The divorce rate of frogs in Peru is, and has always been at an all time low.
Oh scientific research, you never fail to amaze.
The first monogamous amphibian has been discovered living in the rainforest of South America.
Genetic tests have revealed that male and females of one species of Peruvian poison frog remain utterly faithful.
More surprising is the discovery that just one thing – the size of the pools of water in which they lay their tadpoles – prevents the frogs straying.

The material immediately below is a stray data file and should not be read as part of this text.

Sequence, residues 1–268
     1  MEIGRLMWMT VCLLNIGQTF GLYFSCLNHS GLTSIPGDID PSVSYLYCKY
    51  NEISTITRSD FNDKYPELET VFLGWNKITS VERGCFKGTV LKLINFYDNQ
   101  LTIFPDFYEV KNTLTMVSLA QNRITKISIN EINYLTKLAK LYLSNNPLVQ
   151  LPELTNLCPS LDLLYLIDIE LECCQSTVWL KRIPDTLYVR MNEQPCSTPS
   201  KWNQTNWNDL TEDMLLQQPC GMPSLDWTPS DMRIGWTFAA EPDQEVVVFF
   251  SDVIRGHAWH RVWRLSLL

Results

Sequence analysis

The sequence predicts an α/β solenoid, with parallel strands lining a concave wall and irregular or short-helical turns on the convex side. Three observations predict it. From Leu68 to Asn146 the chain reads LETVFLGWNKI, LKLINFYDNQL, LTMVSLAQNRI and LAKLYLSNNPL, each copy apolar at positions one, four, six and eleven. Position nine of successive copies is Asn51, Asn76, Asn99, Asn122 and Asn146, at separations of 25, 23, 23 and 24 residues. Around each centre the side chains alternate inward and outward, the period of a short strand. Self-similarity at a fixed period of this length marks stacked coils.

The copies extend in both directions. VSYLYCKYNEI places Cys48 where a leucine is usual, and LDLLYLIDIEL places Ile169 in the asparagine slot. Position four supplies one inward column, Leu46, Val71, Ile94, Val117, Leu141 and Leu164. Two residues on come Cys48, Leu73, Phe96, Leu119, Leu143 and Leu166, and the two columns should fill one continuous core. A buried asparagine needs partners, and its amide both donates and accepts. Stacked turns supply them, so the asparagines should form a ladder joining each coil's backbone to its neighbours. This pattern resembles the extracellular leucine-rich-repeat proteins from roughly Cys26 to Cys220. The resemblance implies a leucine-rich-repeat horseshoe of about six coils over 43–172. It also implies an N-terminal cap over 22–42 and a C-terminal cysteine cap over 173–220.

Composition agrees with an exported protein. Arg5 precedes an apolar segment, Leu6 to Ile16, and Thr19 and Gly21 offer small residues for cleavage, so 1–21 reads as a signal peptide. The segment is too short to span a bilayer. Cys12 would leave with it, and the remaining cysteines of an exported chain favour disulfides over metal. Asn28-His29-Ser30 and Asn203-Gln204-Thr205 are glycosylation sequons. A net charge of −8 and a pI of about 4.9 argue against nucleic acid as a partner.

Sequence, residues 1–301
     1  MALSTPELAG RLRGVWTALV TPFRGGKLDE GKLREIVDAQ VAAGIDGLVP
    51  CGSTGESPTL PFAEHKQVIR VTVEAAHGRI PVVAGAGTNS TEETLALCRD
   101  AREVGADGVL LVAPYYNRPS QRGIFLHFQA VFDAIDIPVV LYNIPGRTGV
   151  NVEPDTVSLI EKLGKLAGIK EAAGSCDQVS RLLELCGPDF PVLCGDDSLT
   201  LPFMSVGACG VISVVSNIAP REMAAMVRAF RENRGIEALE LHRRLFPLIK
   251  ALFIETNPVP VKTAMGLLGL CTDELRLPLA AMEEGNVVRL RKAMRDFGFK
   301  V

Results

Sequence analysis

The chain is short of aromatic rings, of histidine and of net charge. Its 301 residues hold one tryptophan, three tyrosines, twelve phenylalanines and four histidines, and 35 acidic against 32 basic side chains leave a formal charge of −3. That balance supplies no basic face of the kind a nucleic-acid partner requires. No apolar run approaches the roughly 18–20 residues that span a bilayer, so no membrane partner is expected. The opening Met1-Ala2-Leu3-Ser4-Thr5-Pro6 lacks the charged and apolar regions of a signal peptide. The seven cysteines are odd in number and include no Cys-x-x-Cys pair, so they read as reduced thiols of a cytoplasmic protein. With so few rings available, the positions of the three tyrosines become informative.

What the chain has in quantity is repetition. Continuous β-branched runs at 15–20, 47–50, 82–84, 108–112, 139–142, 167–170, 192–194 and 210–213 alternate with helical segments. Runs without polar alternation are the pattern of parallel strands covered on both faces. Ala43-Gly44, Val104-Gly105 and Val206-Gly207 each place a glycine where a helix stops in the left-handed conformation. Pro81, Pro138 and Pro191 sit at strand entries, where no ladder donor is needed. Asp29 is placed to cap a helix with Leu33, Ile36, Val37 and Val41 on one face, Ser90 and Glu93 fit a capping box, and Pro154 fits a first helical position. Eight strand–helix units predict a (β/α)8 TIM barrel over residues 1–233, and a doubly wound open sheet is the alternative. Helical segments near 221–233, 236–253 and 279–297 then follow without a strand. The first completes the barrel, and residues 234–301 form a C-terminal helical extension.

That constitutes the best evidence yet documented that monogamy can have a single cause, say scientists.
Details of the frog’s sex life is to be published in the journal The American Naturalist.
“This is the first discovery of a truly monogamous amphibian,” says biologist Dr Jason Brown, then of East Carolina University in Greenville, North Carolina, who made the discovery with colleagues Dr Victor Morales and Professor Kyle Summers.
The monogamous frog speciesRanitomeya imitator, known as the mimic poison frog, is already known to science.
READ ON @ BBC
Check the link above for more cool (but not as high-def) photos of these frogs, like the one with papa carrying his young on his back!
PHOTO SOURCE @ Brad Wilson’s Flickr
Thanks Faye for passing this on